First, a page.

The Boston Marathon is a remarkable facet of the city's culture and history for a number of reasons, but the sheer scope of the world's oldest marathon, now in its 123rd year, is impressive in itself.

The thousands of qualified runners rejected each year

Data visualization: Lisa Williams/WGBH News

As marathon running has ballooned in popularity in recent years, the Boston Marathon has been unable to accept each applying runner because of size restraints — even if they meet the qualifying time based on their age and gender.

The Boston Athletic Association (B.A.A.), the group that puts on the marathon each year, is only able to accept approximately 23,000 qualified runners into the race each year. That means that for the past few years, thousands of qualified runners have not been accepted due to the size cap. That number reached its highest yet for the 2019 marathon, when 7,384 qualified runners were rejected even after meeting their standard.

The B.A.A. opens registration to qualified runners in waves. Those who are 20 minutes faster than their qualifying standard are accepted and able to register first, followed by those who are 10 minutes faster, and then five minutes faster. Then, the association determines how much faster their runners have to be than the qualifying standard in order to best fit that 23,000 runner limit. When runners submit their qualifying marathon time, they won't know if they'll be running the marathon in April until they hear back from the B.A.A.

For the 2020 marathon, the B.A.A. has announced that they will change qualifying times to be five minutes faster across all ages and genders "as the number of marathoners who have submitted applications to run the Boston Marathon has increased significantly during the most recent two registration years."

Data visualization: Lisa Williams/WGBH News

Here's what this essentially comes down to: The greater the number of runners who qualify for the Boston Marathon, the faster each person has to be in order to actually be accepted.

To give all the non-marathoners out there an idea of just how difficult it's been to be accepted to the Boston Marathon for the past few years, we calculated the average speed at which a runner would need to go in their qualifying time in order to be accepted each year. The most common age of Boston Marathon runners is 45 years old, so we used the accepted qualifying times of 45-year-old men and women.

While every runner has a different running style, and most marathoners certainly don't run at a completely constant pace throughout the race, it hits home just how much each second counts when it comes to who gets to reach the starting line.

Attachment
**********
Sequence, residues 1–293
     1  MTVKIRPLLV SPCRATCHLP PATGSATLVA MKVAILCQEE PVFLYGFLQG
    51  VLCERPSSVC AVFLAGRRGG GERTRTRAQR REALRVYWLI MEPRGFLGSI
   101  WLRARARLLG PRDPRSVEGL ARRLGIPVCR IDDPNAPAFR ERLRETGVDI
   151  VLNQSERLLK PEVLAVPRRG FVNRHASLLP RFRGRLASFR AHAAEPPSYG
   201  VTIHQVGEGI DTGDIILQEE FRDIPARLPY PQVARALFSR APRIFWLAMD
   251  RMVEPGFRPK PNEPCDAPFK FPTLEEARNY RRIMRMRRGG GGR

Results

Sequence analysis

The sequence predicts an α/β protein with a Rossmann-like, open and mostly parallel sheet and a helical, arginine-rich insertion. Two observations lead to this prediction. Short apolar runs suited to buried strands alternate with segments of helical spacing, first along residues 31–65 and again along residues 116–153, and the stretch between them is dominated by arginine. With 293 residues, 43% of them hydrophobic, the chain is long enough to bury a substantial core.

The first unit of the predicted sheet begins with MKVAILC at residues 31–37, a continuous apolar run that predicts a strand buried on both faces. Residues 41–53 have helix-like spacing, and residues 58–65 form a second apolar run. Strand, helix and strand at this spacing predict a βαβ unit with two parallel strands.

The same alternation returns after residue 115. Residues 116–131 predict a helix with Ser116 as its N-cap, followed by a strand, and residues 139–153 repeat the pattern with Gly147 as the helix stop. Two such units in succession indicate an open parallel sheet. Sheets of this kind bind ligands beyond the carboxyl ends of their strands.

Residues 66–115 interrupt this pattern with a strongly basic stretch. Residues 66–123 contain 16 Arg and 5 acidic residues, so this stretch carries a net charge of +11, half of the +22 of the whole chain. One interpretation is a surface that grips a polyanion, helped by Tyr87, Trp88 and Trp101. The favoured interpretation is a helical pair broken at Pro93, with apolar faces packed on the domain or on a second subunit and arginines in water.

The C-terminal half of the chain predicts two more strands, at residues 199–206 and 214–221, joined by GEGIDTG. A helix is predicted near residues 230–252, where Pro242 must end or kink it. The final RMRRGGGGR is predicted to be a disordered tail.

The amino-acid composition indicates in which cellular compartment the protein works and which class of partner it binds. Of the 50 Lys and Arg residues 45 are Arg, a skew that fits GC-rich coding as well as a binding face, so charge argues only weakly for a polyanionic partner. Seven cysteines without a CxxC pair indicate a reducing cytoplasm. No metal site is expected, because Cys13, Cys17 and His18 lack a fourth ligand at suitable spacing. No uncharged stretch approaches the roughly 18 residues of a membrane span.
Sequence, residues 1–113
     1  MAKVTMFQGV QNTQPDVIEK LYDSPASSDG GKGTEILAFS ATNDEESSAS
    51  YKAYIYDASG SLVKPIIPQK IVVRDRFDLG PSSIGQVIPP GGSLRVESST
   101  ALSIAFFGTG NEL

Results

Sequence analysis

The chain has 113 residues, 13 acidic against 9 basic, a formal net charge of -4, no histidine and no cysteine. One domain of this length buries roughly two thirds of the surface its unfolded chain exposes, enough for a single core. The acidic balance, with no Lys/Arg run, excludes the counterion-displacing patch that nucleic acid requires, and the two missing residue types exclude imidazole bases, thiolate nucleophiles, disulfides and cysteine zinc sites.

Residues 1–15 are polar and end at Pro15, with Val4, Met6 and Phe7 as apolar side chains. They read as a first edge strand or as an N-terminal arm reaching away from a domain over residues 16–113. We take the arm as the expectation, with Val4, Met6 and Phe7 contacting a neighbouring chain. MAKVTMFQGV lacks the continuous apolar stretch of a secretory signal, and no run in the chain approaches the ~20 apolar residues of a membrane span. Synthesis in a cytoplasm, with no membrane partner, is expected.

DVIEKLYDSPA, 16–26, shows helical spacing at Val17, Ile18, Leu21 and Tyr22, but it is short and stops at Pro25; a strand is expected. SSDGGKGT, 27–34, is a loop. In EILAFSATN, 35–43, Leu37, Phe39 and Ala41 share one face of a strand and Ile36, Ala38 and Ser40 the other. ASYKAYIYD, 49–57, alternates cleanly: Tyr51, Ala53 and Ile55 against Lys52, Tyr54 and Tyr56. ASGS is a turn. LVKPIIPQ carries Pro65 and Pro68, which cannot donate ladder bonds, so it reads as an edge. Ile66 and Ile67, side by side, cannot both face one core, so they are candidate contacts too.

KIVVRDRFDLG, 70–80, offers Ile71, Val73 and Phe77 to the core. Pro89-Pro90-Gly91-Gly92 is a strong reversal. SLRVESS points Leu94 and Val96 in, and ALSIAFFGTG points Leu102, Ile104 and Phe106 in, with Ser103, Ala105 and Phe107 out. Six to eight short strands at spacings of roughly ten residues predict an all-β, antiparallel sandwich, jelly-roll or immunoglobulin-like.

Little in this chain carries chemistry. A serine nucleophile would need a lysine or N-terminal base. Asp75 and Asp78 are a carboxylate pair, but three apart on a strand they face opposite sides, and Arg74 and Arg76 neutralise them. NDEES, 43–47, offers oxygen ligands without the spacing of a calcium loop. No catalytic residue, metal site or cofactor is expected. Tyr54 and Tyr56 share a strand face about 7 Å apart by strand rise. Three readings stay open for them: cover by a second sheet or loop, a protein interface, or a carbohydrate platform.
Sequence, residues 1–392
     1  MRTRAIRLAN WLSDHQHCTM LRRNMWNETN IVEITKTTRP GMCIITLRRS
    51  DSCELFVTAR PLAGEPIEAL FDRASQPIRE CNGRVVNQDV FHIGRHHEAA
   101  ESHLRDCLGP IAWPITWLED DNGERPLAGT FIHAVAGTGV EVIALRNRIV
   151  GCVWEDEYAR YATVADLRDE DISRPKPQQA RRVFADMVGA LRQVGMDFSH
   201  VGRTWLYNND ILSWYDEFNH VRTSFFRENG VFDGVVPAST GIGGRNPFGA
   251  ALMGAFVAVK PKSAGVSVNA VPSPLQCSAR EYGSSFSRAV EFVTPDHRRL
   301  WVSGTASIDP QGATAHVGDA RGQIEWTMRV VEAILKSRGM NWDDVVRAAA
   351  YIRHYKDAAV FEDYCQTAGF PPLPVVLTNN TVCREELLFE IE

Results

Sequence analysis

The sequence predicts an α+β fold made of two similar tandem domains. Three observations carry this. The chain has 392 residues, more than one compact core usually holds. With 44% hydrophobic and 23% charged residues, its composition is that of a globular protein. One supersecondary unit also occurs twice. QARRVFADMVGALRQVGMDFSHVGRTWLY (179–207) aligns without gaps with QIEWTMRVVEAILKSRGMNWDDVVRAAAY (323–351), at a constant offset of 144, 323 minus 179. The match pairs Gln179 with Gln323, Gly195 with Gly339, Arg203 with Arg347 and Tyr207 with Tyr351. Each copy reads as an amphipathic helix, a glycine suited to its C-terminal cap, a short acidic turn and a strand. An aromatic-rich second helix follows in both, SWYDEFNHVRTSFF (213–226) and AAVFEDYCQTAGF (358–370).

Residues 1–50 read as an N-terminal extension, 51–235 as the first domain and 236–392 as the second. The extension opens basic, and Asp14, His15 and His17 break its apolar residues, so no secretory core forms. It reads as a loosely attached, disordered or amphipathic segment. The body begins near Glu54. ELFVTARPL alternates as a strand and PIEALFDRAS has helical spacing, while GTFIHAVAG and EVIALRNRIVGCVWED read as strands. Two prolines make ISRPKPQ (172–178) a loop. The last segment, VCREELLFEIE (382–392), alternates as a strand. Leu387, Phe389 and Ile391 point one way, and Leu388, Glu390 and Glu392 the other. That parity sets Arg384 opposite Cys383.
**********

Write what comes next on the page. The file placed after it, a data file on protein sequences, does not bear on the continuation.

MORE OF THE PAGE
Remember: This is the absolute slowest runners would have to have been in order to be accepted.

The toll of the temperature

Data visualization: Lisa Williams/WGBH News

The forecast can have a big impact on a race's outcome. And while the harsh rain and wind of the 2018 marathon stands out in recent memory of tough conditions runners had to combat, the heat of 2004 and 2012 shouldn't be forgotten, either.

Hot temperatures are the biggest weather factor runners need to look out for, said Dan Fitzgerald, the co-founder of Heartbreak Hill Running Company and the founder and coach of the Heartbreakers, a U.S.A. Track and Field certified running club.

According to Fitzgerald, the ideal temperature range for running the Boston Marathon would be between 45 and 50 degrees, reflected as a blue band in the chart above.

Temperatures have typically been warmer than that over the years. While every runner is different, Fitzgerald said that high temperatures are particularly challenging for runners who have been training in cooler places like Boston.

"Nothing hurts like the heat," Fitzgerald said.

The big bucks of apparel sponsors

Data visualization: Lisa Williams/WGBH News

The number of marathoners isn't the only thing that's increased over the past few years. The apparel companies that sponsor the biggest marathons across the country have all seen upticks in annual revenue.

Adidas, which has been the Boston Marathon's official apparel sponsor for 31 years now, is the second-largest of the four, raking in $24.68 billion in 2018.

Boston-based New Balance saw revenues of $3.8 billion in 2016, $4 billion in 2017 and $4.1 billion in 2018, a spokeswoman told WGBH News. New Balance sponsors the New York City Marathon — the biggest in the country — as well as the Detroit Marathon.

"[W]hile we don't sponsor the Boston Marathon, we guerrilla market around it," president and CEO Robert DeMartini said in a June 2018 interview.

The global reach of winners' homes

Data visualization: Lisa Williams/WGBH News

Since 1985, all but two Boston Marathon winners have been from outside the United States for both the men's and women's divisions.

When she won the women's race in 2018, Desiree Linden became the first American woman to do so in 33 years. Mebrahtom "Meb" Keflezighi won the men's race in 2014, the first American man to win since 1983.

Last year's male winner, Yuki Kawauchi, is from Japan, the first runner from Japan to win the Boston Marathon since 1987.

Between 1991 and 2012, all but three of the male winners have been from Kenya; women from Kenya have won six of the past 10 years.